This article may be expanded with text translated from the corresponding article in Swedish. (February 2018) Click [show] for important translation instructions. Machine translation like DeepL or Google Translate is a useful starting point for translations, but translators must revise errors as necessary and confirm that the translation is accurate, rather than simply copy-pasting machine-translated text into the English Wikipedia. Consider adding a topic to this template: there are already 943 articles in the main category, and specifying|topic= will aid in categorization. Do not translate text that appears unreliable or low-quality. If possible, verify the text with references provided in the foreign-language article. You must provide copyright attribution in the edit summary accompanying your translation by providing an interlanguage link to the source of your translation. A model attribution edit summary is Content in this edit is translated from the existing Swedish Wikipedia article at [[:sv:Riddarholmskyrkan]]; see its history for attribution. You should also add the template ((Translated|sv|Riddarholmskyrkan)) to the talk page. For more guidance, see Wikipedia:Translation.
Riddarholmen Church
Rhkyrkan fr staden.jpg
Riddarholmen Church is one of the oldest buildings in Stockholm
LocationRiddarholmen, Stockholm
DenominationChurch of Sweden
ParishRiddarholmen (up to 1807)
Riddarholmen Church, early 20th century.
Riddarholmen Church, early 20th century.
The interior of Riddarholmen Church, from the choir loft
The interior of Riddarholmen Church, from the choir loft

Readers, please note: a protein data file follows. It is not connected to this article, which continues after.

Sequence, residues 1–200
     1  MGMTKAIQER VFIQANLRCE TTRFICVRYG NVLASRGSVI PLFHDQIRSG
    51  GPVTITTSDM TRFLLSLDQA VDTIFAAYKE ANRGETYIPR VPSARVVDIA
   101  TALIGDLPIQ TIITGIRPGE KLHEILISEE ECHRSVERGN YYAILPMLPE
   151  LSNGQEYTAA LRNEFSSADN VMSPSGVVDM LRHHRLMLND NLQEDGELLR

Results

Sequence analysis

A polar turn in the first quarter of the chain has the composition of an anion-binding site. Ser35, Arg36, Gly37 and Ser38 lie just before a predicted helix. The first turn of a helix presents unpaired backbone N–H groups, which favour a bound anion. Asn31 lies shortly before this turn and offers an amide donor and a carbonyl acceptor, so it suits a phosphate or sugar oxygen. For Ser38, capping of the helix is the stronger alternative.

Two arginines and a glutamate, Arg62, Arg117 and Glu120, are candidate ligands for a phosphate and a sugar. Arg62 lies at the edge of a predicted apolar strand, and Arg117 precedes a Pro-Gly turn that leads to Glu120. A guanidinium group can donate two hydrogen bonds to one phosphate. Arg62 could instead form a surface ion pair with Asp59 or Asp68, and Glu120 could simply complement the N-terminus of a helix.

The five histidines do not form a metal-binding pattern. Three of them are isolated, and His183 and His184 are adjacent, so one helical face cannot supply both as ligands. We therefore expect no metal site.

Riddarholmen Church (Swedish: Riddarholmskyrkan) is the church of the former medieval Greyfriars Monastery in Stockholm, Sweden. The church serves as the final resting place of most Swedish monarchs.[1]

Riddarholmen Church is located on the island of Riddarholmen, close to the Royal Palace in Stockholm, Sweden. The congregation was dissolved in 1807 and today the church is used only for burial and commemorative purposes. Swedish monarchs from Gustavus Adolphus (d. 1632 AD) to Gustaf V (d. 1950) are entombed here (with only one exception: Queen Christina who is buried within St. Peter's Basilica in Rome), as well as the earlier monarchs Magnus III (d. 1290) and Charles VIII (d. 1470). It has been discontinued as a royal burial site in favor of the Royal Cemetery and today is run by departments of the Swedish Government and Royal Court.[2] [3]

It is one of the oldest buildings in Stockholm, parts of it dating to the late-13th century, when it was built as a greyfriars monastery. After the Protestant Reformation, the monastery was closed and the building became a Lutheran church. A spire designed by Flemish architect Willem Boy (1520–1592) was added during the reign of John III, but it was destroyed by a lightning strike on July 28, 1835, after which it was replaced with the present cast-iron spire. [4]

Coats of arms of knights of the Royal Order of the Seraphim are on the walls of the church. When a knight of the Order dies, his coat of arms is hung in the church and when the funeral takes place the church's bells are rung without pause from 12:00 to 13:00. [5]

See also


  1. ^ "Riddarholm Church". Retrieved January 1, 2019.
  2. ^ Royal Court website
  3. ^ "Riddarholmen". Nordisk familjebok. Retrieved January 1, 2019.
  4. ^ "Boy, Willem (Guillaume Boyen)". Nordisk familjebok. Retrieved January 1, 2019.
  5. ^ "The Order of the Seraphim". Retrieved January 1, 2019.

Coordinates: 59°19′29″N 18°03′53″E / 59.32472°N 18.06472°E / 59.32472; 18.06472